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Consolidation Extension for SAP Analytics Cloud – IC Matching and booking

In a prior blog series, I discussed how the Cloud Consolidation Extension for SAP Analytics Cloud conducts detailed currency conversion and automates the eliminations through the consolidation process. The automated eliminations were covered in a series of blogs (blog 1blog 2blog 3blog 4) and subsequent blogs regarding scope and ownership changes, in addition to staging method of consolidation will be posted.

However, in this blog post, I will be describing the process of Intercompany Matching and booking, which can be executed before and/or after the consolidation process (basically, after loading the standalone data into the Cloud Consolidation model on SAP Analytics Cloud)

The purpose of the Intercompany matching model is to enable the group companies to reconcile their intercompany transactions among themselves, by checking what has been booked against them by their partners and comparing it to their own books. In other words, Intercompany Matching model provides the group companies with the visibility to reconcile their intercompany transactions against the values booked against them by their partner companies.

For example, entity A records a receivable of 100 USD from entity B, in turn, entity B should records a payable of 100 USD to entity A. If this is the case, the Consolidation model will eliminate the values and there would not be any residual value between the two companies. However, this might not always be the case. Company B might miss to record the payable amount or might record a different amount.

In the Consolidation Model, neither Entity A nor Entity B can see what has been recorded against either one of them by their partners (unless the same user has data access to both these companies). To ensure that Entity A can see what has been booked against it by Entity B and vise versa, we transfer the values to the IC Matching Model using a logic, which allocates the Intercompany Transactions booked by all the partners against the Entity under “Their Liabilities/Expenses” and “Their Assets/Income”.

To make this relevant, lets consider the following Scenario, as depicted in below screenshot:

E0 has the following intercompany transactions with E1

  • Revenues: 10,000
  • Other Income: 62.56

Meanwhile, E1 recorded the following intercompany transactions with E0

  • Cost of Sale: 9,998
  • Other Expenses: 62.56

Needless to say, the employee in E0 cannot see the values in E1, and vise versa. Last, the local currency of E0 is Euro (EUR), as for E1, it’s local currency is British Pounds (GBP).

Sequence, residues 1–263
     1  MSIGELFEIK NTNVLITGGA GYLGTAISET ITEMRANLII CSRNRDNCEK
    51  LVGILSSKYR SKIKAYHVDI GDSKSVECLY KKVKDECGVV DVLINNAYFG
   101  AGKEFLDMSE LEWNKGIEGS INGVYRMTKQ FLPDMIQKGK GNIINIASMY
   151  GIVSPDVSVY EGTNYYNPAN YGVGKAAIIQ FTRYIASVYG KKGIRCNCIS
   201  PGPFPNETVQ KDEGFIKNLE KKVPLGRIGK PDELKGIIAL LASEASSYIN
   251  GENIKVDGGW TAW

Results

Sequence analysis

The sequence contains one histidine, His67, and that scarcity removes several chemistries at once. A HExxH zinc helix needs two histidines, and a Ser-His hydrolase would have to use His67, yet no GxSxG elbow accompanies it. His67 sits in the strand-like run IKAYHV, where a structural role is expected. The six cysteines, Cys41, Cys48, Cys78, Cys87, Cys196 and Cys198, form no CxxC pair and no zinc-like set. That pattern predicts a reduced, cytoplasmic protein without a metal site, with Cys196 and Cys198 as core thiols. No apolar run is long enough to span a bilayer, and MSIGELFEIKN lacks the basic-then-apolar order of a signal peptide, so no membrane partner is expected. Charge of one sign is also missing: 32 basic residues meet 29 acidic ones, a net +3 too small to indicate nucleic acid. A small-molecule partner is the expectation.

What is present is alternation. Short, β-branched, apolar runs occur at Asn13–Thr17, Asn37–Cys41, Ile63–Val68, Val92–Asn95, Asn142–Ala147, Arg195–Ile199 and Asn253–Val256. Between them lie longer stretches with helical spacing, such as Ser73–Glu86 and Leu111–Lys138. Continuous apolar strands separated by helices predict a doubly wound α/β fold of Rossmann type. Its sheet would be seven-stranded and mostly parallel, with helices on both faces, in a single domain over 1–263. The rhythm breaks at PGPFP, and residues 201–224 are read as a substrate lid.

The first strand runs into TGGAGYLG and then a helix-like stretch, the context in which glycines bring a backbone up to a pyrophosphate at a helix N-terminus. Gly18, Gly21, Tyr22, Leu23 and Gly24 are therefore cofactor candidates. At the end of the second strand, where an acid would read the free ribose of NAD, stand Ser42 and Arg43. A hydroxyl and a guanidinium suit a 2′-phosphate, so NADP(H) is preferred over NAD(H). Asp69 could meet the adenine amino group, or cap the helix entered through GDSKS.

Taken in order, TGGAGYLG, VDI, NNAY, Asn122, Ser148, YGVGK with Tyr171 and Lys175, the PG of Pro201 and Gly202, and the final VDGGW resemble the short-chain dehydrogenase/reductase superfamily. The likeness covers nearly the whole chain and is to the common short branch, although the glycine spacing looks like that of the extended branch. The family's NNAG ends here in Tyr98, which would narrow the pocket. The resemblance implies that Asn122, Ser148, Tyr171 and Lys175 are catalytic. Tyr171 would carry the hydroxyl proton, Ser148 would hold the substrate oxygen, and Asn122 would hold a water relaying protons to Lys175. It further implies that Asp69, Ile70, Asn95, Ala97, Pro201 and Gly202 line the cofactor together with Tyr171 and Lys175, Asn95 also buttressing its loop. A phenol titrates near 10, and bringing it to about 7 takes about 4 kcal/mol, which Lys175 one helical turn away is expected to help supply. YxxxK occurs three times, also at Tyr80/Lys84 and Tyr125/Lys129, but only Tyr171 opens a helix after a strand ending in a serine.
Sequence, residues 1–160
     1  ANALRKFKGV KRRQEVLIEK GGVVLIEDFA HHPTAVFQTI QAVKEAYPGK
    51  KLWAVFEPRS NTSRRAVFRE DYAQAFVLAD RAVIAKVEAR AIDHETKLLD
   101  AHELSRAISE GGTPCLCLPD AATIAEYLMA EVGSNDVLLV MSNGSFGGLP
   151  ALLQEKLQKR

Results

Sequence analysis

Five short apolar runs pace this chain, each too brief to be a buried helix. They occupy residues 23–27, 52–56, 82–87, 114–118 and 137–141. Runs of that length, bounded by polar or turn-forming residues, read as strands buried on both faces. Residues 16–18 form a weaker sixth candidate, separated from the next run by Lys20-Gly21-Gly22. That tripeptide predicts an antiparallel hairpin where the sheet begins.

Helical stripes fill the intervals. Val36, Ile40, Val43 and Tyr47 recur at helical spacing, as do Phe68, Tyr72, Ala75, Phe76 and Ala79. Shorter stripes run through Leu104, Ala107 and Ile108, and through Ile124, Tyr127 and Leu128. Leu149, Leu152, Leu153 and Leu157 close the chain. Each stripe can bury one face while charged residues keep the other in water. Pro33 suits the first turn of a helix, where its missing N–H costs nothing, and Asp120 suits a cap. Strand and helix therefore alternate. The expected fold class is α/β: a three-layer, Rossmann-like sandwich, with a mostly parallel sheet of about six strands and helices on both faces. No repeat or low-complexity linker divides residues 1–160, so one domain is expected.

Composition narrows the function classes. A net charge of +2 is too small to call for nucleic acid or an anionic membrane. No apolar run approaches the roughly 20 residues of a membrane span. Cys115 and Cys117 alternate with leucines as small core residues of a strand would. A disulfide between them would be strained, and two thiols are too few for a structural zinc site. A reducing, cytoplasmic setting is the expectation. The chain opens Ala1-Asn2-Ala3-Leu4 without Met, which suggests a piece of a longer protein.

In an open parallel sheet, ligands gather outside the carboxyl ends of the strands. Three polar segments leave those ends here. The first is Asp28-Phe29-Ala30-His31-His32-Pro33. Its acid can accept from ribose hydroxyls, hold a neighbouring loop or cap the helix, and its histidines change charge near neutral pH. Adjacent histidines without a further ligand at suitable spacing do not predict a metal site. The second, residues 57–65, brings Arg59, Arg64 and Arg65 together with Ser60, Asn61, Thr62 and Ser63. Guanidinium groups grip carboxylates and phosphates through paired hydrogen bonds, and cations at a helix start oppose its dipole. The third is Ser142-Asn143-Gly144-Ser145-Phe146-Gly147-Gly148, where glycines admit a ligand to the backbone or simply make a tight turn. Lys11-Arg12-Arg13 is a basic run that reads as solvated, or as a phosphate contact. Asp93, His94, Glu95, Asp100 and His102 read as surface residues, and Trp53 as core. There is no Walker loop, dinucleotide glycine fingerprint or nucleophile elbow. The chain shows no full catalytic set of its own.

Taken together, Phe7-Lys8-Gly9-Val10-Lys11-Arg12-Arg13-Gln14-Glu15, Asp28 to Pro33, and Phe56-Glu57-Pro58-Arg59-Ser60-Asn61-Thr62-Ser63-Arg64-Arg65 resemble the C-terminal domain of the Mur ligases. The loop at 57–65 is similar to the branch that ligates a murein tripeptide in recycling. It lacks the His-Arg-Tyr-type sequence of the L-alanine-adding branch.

The currency conversion rates, as of the month of these transactions, are as below (Detailed explanation of the comprehensive currency conversion can be seen in this blog

Once the user clicks on Run Intercompany Matching, the system will convert the values from the local currencies of their respective entities to the multiple desired reporting currencies, and push these converted values into the IC Matching Model on specific Audit Trail members, using a sequence of logic to allocate and book differences.

In the above screenshot, we see that the converted values have been imported to the IC Matching Model on an audit Trail Member called “Imported from Consolidation”. The values are being shown in USD, but any reporting currency can be used. E0 had 10,000 EUR (its local currency) of Revenues from E1, this amount is now showing as 11,650 USD (Eur Conversion rate for Average is 1.65 to the dollar). Meanwhile E1 had 9,998 GBP (E1’s local currency) of Cost of Sales from E0, this amount is now showing as 13,667 USD (GBP conversion rate for Average is 1.367 to the dollar).

The subsequent step in the logic is to allocate the values in a way that allows the user from E0 to see what has been booked against them by their partner companies and reconcile the differences, if any. In the below screenshot, we can see that the COGS intercompany transaction in E1’s books against E0 is now showing in E0 books under “Their Liabilities/Expense” for the value of 13,667 USD, meanwhile the Intercompany Revenue which was originally in E0’s books against E1 is showing under My Assets/Income.

As shown in the Intercompany Elimination, we group a set of intercompany accounts with clearing accounts. Revenue and Cost of Sales have the same clearing account P119B. This account would have shown differences in the consolidation model if the intercompany elimination was triggered. By grouping Revenues and Cost of Sales under a parent named “IC_GROUP 5”, we see that 2,017 USD is the difference between what was recorded by E1 towards E0 as Cost of Sales, and what E0 recorded against E1 as Revenue.

If you look at the value 13,667 USD, you will find it under “Their Liabilities/Expense” for E0, and you will also see it under “My Liabilities/Expense” for E1. This allocation logic from the consolidation model to the Intercompany matching Model provides the full visibility for the group companies to reconcile their differences by seeing exactly what their partners have booked against them, and match it with their books.

The last step is to book the differences to the seller, buyer or greater using another audit trail member called IC_Difference. This is achieved by assigning an attribute value to a set of intercompany accounts with same clearing account (or their parent account) to designate the method of booking the difference  (Seller, buyer, greater)

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